- Katsuobushi (dried bonito flakes)
- Spam (pork luncheon meat)
- Hot dog buns
- Black pepper
- Karyu Tori-dashi (chicken broth)
- Salad oil
The next three issues of OJ Magazine will feature recipes from Okinawa, one of my favorite destinations in Japan. The first dish features a hot dog made with goya, Okinawa’s signature vegetable, and pork luncheon meat.
Goya is often called nigauri or tsururei, for its bumpy exterior resembling Godzilla’s back and its extremely bitter taste. However, recent food products have toned down the taste, taking away the bitter bite we loved so much.
Canned pork luncheon meat was commonly used as rations during World War II. After the war, American food supplies arrived in Okinawa much earlier than on mainland Japan and, with the Okinawan penchant for pork already well engrained in the local taste buds, the luncheon meat quickly became a staple in the Okinawan household. America’s Spam and Holland’s Tuplip are two of the best-known brands.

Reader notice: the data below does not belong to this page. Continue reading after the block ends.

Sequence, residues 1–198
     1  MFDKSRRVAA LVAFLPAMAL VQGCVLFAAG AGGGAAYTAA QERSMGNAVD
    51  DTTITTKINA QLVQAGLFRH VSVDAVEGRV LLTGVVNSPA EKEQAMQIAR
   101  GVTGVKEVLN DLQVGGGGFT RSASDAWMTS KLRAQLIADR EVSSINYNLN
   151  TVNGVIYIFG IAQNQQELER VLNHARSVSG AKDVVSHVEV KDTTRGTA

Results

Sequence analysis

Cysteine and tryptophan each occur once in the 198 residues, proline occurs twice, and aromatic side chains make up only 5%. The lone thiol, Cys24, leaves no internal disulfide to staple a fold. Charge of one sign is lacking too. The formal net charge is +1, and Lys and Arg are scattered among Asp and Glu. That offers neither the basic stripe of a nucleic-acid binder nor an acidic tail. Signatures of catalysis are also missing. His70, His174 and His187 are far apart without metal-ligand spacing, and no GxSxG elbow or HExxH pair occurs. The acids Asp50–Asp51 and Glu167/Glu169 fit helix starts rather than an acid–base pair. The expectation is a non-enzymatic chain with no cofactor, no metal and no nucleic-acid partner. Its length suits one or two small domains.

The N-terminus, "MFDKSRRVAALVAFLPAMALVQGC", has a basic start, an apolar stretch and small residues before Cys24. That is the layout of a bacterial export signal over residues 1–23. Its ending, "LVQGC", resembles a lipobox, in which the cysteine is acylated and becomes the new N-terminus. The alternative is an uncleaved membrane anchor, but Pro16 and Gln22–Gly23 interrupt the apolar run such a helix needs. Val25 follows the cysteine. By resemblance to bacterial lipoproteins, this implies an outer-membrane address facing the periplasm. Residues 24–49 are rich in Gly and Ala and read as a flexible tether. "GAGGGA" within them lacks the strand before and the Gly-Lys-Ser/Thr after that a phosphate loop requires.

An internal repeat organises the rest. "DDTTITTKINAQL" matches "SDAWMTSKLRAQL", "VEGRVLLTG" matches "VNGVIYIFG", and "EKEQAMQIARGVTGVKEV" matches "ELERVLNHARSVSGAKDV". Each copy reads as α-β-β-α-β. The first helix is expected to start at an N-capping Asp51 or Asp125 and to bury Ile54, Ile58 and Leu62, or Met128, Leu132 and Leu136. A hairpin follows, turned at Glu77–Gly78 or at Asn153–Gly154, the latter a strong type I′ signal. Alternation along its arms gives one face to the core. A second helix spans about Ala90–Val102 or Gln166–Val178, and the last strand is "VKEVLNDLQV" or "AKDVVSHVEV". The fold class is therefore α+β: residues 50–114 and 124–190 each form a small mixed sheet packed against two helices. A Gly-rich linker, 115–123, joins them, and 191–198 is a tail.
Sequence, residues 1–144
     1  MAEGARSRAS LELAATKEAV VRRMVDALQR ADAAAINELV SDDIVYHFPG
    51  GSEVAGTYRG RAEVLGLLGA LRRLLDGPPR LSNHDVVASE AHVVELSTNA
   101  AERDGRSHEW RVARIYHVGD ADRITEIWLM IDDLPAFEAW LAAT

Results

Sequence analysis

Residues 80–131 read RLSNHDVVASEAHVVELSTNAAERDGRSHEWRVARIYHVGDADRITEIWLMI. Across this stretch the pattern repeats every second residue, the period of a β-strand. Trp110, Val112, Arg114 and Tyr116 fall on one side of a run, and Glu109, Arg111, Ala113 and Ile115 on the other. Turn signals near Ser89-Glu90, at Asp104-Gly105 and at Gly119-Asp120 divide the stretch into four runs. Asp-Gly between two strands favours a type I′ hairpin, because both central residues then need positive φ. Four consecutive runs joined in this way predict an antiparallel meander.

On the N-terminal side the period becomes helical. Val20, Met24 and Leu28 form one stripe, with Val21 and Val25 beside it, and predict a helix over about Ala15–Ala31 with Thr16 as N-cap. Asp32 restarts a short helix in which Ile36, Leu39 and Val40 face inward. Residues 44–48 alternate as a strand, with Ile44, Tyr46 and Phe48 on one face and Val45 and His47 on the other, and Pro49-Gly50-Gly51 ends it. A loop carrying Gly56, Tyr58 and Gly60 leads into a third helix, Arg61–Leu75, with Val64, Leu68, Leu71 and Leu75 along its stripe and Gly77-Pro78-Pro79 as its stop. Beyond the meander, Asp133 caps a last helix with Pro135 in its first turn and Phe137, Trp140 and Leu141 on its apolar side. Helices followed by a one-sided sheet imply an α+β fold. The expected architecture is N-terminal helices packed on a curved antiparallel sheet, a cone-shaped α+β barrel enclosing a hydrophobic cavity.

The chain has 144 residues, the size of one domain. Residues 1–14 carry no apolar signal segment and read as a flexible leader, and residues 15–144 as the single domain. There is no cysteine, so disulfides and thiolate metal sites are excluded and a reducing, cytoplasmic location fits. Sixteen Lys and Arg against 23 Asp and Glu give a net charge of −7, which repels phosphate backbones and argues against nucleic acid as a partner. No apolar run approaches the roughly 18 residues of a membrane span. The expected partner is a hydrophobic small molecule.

The sandwich takes its name from the local dialect – nuyaruba, which roughly translates to “What happened?” It’s a fitting name for the mish-mash of tastes. It is, however, delicious. So, if you find yourself in Okinawa, definitely make it a point to stop by.
(1) Cut the goya lengthwise, dig out the spongy flesh and seeds, and thinly slice. For those who want to tone down the bitterness, soak the goya in saltwater prior to slicing.
(2) Lightly heat the goya in a well-oiled frying pan, mixing in the katsuobushi and egg until it resembles scrambled eggs. Season the mix with black pepper and karyu tori-dashi, then place in bun and top with lightly cooked pork luncheon meat.